The Abolitionist Teaching Network has just released a guide to abolitionist teaching and social&emotional learning. While it’s oriented to the K12 setting, and is not explicitly religious, the guide is very thoughtfully done and has much resonance for racial justice work.
Macalester College’s Kofi Annan Institute for Global Citizenship recently hosted a webinar that was both deeply engaging and very insightful. It was led by the Dean of the Institute, Donna Maeda, and featured Duchess Harris, Professor, American Studies; Bill Hart, Professor, Religious Studies; Brian Lozenski, Associate Professor, Educational Studies; Kenjus Watson, Postdoctoral Fellow, San Francisco State University, and Adjunct Assistant Professor, Occidental College.
We continue to lament the ever increasing rise of police violence in the US. This project visualizes the names of more than 28,000 fatal encounters with police nationwide.
Many people in Catholic and Episcopal settings are familiar with the practices of a “way of the cross.” Here is a powerful interpretation of that practice, as seen through the experiences of people seeking asylum.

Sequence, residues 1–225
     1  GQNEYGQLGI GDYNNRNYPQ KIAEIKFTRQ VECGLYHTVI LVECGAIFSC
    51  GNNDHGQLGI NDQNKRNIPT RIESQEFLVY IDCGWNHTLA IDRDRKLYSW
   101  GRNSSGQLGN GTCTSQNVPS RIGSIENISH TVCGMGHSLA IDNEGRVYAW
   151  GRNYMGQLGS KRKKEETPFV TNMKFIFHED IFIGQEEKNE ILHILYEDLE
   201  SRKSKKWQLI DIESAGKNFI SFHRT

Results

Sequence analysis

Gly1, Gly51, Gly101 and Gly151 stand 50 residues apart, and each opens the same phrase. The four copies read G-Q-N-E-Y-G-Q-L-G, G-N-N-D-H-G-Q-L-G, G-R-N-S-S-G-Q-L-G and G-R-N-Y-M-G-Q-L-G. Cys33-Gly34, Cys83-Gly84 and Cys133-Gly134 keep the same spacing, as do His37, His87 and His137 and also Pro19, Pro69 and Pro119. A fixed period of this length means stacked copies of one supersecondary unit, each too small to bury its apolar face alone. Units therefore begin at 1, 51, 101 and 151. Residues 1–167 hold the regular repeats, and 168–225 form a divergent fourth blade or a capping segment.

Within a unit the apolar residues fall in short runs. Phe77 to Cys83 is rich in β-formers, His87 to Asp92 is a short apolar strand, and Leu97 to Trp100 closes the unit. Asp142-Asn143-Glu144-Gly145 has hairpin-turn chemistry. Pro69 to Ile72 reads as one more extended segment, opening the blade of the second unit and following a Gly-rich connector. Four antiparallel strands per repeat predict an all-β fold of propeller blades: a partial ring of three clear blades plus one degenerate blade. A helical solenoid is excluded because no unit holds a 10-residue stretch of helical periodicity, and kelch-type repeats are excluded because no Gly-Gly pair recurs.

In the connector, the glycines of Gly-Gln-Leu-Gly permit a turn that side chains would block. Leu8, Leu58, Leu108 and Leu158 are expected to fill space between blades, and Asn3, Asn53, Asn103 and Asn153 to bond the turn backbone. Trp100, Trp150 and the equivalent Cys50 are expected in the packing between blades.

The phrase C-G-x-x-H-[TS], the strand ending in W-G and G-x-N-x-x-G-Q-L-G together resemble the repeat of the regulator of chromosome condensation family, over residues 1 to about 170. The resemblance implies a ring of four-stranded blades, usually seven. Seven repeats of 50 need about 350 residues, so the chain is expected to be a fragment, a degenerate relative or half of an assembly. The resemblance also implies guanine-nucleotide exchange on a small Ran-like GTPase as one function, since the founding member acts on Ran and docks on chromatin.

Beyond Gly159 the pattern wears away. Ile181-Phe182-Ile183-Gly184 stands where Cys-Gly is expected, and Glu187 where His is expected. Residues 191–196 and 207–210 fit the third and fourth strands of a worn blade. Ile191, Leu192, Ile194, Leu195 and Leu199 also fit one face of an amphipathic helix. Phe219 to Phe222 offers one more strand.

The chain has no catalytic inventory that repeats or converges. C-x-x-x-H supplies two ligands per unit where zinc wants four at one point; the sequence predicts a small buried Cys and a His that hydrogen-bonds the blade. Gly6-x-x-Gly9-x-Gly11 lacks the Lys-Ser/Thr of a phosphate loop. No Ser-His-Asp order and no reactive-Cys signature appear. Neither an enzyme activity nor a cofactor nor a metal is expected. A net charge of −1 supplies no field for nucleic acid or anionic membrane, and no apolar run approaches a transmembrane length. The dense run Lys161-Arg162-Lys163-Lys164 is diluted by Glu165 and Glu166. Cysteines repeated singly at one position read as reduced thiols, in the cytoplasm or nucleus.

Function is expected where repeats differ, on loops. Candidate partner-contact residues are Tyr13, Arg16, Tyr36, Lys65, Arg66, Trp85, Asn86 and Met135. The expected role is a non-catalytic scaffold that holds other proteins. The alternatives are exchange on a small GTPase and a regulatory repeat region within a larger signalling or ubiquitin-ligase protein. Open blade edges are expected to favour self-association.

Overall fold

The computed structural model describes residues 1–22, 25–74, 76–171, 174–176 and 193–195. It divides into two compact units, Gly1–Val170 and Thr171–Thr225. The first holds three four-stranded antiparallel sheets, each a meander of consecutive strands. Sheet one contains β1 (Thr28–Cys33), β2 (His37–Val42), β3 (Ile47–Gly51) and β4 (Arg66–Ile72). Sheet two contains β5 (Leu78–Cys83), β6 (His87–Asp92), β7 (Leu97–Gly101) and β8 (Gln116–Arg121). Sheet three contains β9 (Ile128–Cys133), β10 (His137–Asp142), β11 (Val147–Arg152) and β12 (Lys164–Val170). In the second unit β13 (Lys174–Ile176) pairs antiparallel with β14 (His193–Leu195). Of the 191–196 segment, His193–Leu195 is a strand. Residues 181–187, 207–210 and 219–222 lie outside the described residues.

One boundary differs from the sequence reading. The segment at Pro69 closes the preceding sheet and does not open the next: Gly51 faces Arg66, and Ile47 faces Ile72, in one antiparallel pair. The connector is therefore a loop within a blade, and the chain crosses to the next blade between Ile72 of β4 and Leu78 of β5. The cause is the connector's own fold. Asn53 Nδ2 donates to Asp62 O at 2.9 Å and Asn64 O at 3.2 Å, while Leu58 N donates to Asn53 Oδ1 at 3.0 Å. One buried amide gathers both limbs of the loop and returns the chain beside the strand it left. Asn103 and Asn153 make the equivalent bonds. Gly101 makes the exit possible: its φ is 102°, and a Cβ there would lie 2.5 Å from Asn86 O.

There’s been a lot of discussion lately about whether white people should be thinking of themselves as allies in the struggle for racial justice, or perhaps instead as accomplices, opening up spaces. Whatever your answer to that question you might find this guide to allyship useful. Buried in its massive set of links is this guide from the film company Bad Robot, to dismantling white supremacy in the workplace.
On June 17th, 2020, at 11:00 am central time, the AME and the ELCA will hold a liturgy in commemoration of the Emanuel 9, killed five years ago in Charleston, South Caroline. That liturgy will remain available following its premiere.
Too much has been happening the last few days to report it all here. But one resource that is worth reminding people about is The Marshall Project, which is focused on transforming our criminal justice system. They have created a series of short videos where people witness to their interactions with the system. It’s a great place to start from if you are working with people who have no idea how destructive and racist our systems are.
As this pandemic unfolds, it’s clear that the disease is not an equalizer. We’re still learning, but here is some initial data on COVID-19 and race.